Announced by Facebook CEO Mark Zuckerberg in October 2021, the “Metaverse” comes amid ESG’s emergence from a niche consideration to a mainstream one. This has led to some conflict within the business: Facebook shareholders filed eight proposals for the 2022 proxy to address concerns, many of them surrounding ESG, about Meta’s operations.
Zuckerberg envisions this next stage of the online world as full of new opportunities. Yet politicians have joined privacy and anti-bullying campaigners in expressing concerns about the new and greater threats the Metaverse can bring. If the internet can be a scary place, they argue, the Metaverse could be even scarier. Many see the potential for the platform to harvest higher quantities of personal data as well as for trolling and hate speech to become more intense, given the experience’s aspiration toward greater immersion.
Concerns about ESG Credentials
A growing number of Facebook shareholders have also raised concerns over the past few months about how Meta Platforms, as Facebook is now known, will manage the dangers inherent in the new world that it is creating. These worries carry particular weight as the company faces continuing questions about its corporate governance.
In December, a number of institutional investors and shareholders launched proposals seeking to manage what they see as significant and material meta risk. This comes in the wake of antitrust litigation, whistleblower testimony, and poor governance practices at Facebook. As one investor explained, “No one can keep Zuckerberg accountable but himself. The structure is not good for the company or our society.”
Others refer to uncontrolled hate speech and the more than 21 million reported cases of online child sexual abuse material—94% of which stemmed from Facebook. Several proposals refer to civil and human rights risks because of the way that the company collects users’ personal and behavioral data and its use of algorithms.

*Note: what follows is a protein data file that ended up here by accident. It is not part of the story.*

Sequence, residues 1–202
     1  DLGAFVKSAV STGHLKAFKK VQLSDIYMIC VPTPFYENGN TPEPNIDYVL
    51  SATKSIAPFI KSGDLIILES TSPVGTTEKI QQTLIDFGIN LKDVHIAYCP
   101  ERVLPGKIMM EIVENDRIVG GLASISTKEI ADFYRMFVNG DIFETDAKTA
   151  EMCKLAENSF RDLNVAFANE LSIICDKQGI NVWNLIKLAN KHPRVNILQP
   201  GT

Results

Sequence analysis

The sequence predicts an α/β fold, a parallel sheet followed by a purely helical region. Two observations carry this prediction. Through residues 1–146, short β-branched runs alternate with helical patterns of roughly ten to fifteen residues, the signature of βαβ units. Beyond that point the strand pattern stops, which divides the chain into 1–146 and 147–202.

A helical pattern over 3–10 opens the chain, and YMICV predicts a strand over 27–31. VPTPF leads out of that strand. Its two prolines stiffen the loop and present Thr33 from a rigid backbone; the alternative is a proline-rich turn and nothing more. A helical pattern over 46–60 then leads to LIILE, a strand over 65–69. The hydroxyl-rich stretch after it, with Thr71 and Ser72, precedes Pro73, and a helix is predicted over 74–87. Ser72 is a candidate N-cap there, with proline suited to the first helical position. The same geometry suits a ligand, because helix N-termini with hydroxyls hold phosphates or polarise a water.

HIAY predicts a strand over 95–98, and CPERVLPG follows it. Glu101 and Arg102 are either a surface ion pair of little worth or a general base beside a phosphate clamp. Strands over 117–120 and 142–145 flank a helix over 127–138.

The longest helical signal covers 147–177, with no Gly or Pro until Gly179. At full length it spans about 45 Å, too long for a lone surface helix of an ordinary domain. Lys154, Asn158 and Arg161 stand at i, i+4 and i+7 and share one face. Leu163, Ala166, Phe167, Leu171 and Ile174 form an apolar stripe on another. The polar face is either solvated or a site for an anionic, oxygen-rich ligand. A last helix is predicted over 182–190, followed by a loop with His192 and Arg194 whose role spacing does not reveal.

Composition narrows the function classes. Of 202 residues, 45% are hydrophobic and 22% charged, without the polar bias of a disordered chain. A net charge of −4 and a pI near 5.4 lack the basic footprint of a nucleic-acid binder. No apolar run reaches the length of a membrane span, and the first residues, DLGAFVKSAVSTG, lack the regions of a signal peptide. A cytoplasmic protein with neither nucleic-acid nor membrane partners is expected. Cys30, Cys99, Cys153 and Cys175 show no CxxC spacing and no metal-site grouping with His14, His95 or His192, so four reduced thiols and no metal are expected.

Also among the proposals to overcome some of investors’ concerns is ending the current voting structure, which gives Zuckerberg considerable power, in favor of a more equitable one. Other demands include an independent board chair.
Beyond measures relating directly to the Meta Platforms’ governance—the G in ESG—are those which look on its enormous impact on society as a whole—the S. For example, investors have argued for board oversight of harmful user-generated content, a human rights impact assessment on the targeted advertising business model, and initiatives to counter online child sexual exploitation.
Lessons for Other Companies
If any of these proposals are accepted, they may signal that a company often criticized for its centralized control appears to be listening. Shifts in the right direction could also influence other major players to do the same. A more ambitious move to address the concerns of some its investors might even stave off government and regulatory action, at least for the time being.
This could also influence the job pool. With research showing that a company’s ESG ratings are an important consideration for younger workers, Meta Platforms will have to consider how its poor ESG record may limit talent recruitment and retention.
In the meantime, the fact that such a vast business with a high profile in the strongest growth sector of the markets has come under such attack from Facebook shareholders may cause other companies to up their game where ESG considerations are concerned. It may also empower more shareholders and stakeholders to take more action in proxy votes, especially if investors back them.